By Rebecca Todd
— I'm writing today to petition my boss, and everyone else's boss, to add an important benefit to everyone's work day. To clear up any confusion, I will just refer to this hoard of bosses as "Mr. Boss Man," which is how I like to refer to my boss anyway, although sometimes I call him "Big Dog," because I'm cool like that and also because I have a co-worker who is somewhat overly enthusiastic at times and gives us all nicknames. Said co-worker figures prominently into my argument for this new benefit, as she is very much in need of it. We will call her "Donna" because I wouldn't want to use her real name.
This new benefit is not just for employees, it will also strengthen each and every business and organization who implements my new plan. My plan ensures that all employees will show improved performance and have fewer accidents. Employees will have better memories, make fewer mistakes, and have quicker reaction times. Employees will be happier and teamwork will improve. I'm not just talking about your employees, Mr. Boss Man, I'm talking about you as well. You will see these same improvements in yourself.
What is this miracle of all miracles that will improve your business? What is this thing that will turn things around for you? It's quite simple: nap time.
I'll give you a moment to quit laughing, because I assure you, I am quite serious about this.
All done? Good. Now hear me out.
It's no secret that most people fall into a lull after lunch during the business day. Others, like "Donna," tend to lose focus and do inane things like make up nicknames for the rest of the staff or sing little songs.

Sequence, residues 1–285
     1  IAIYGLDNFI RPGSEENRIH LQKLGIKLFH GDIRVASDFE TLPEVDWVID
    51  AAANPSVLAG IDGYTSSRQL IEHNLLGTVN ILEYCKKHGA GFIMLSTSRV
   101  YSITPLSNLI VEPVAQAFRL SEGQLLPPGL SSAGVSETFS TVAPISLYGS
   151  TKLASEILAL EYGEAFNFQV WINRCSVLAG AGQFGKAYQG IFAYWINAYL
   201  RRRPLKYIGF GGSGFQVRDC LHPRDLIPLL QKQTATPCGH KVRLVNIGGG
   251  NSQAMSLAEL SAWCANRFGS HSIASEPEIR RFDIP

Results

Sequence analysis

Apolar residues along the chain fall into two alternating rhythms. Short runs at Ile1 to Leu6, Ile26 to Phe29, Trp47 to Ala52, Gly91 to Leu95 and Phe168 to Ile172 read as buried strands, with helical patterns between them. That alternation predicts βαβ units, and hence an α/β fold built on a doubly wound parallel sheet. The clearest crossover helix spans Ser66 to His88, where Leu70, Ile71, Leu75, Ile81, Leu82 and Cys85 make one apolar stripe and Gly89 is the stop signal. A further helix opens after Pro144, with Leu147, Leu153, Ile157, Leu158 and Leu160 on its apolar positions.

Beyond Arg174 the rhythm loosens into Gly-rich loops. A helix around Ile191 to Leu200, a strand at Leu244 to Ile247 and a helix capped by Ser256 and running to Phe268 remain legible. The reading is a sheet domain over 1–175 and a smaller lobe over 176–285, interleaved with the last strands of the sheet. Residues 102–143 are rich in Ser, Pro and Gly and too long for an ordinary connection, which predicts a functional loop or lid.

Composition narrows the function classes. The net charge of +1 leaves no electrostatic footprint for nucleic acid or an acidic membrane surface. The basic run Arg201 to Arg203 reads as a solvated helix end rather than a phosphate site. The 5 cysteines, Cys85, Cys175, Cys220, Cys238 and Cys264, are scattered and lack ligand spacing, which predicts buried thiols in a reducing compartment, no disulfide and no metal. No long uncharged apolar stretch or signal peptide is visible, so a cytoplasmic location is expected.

According to the Mayo Clinic, short daytime naps offer many benefits. Just a 15- to 20-minute nap or even just deep relaxation, reduces fatigue enough to offer "improved performance, including quicker reaction time, better memory, less confusion, and fewer accidents and mistakes."
That's right, Mr. Boss Man, it's not just me that thinks it's a good idea. The Mayo Clinic agrees, and those folks don't mess around when it comes to medical research. They know their stuff. I bet THEY take naps.
Not enough? Ever hear about a place called Bell Labs? Well, me neither. Until that is, I read an article about them and their important innovations during the 20th century such as the transistor and satellite communications. How were they able to accomplish these things? That's right; they took naps.
So consider this, Mr. Boss Man, which is just a generic term and should not be taken as offensive to the bosses that happen to be women: why not stop dumping so much extra work on your employees? Why not make everyone happy and increase productivity by giving everyone a 15-minute nap? Why not rejuvenate your employees and calm down and de-stress the ones like "Donna" who tend to go off the deep end late in the day?
(This has been an unbiased opinion by Rebecca Todd, who would never nap on the job without permission.)
- Rebecca Todd is the author of the book "What's the Point?" available at booklocker.com. Contact her at firstname.lastname@example.org.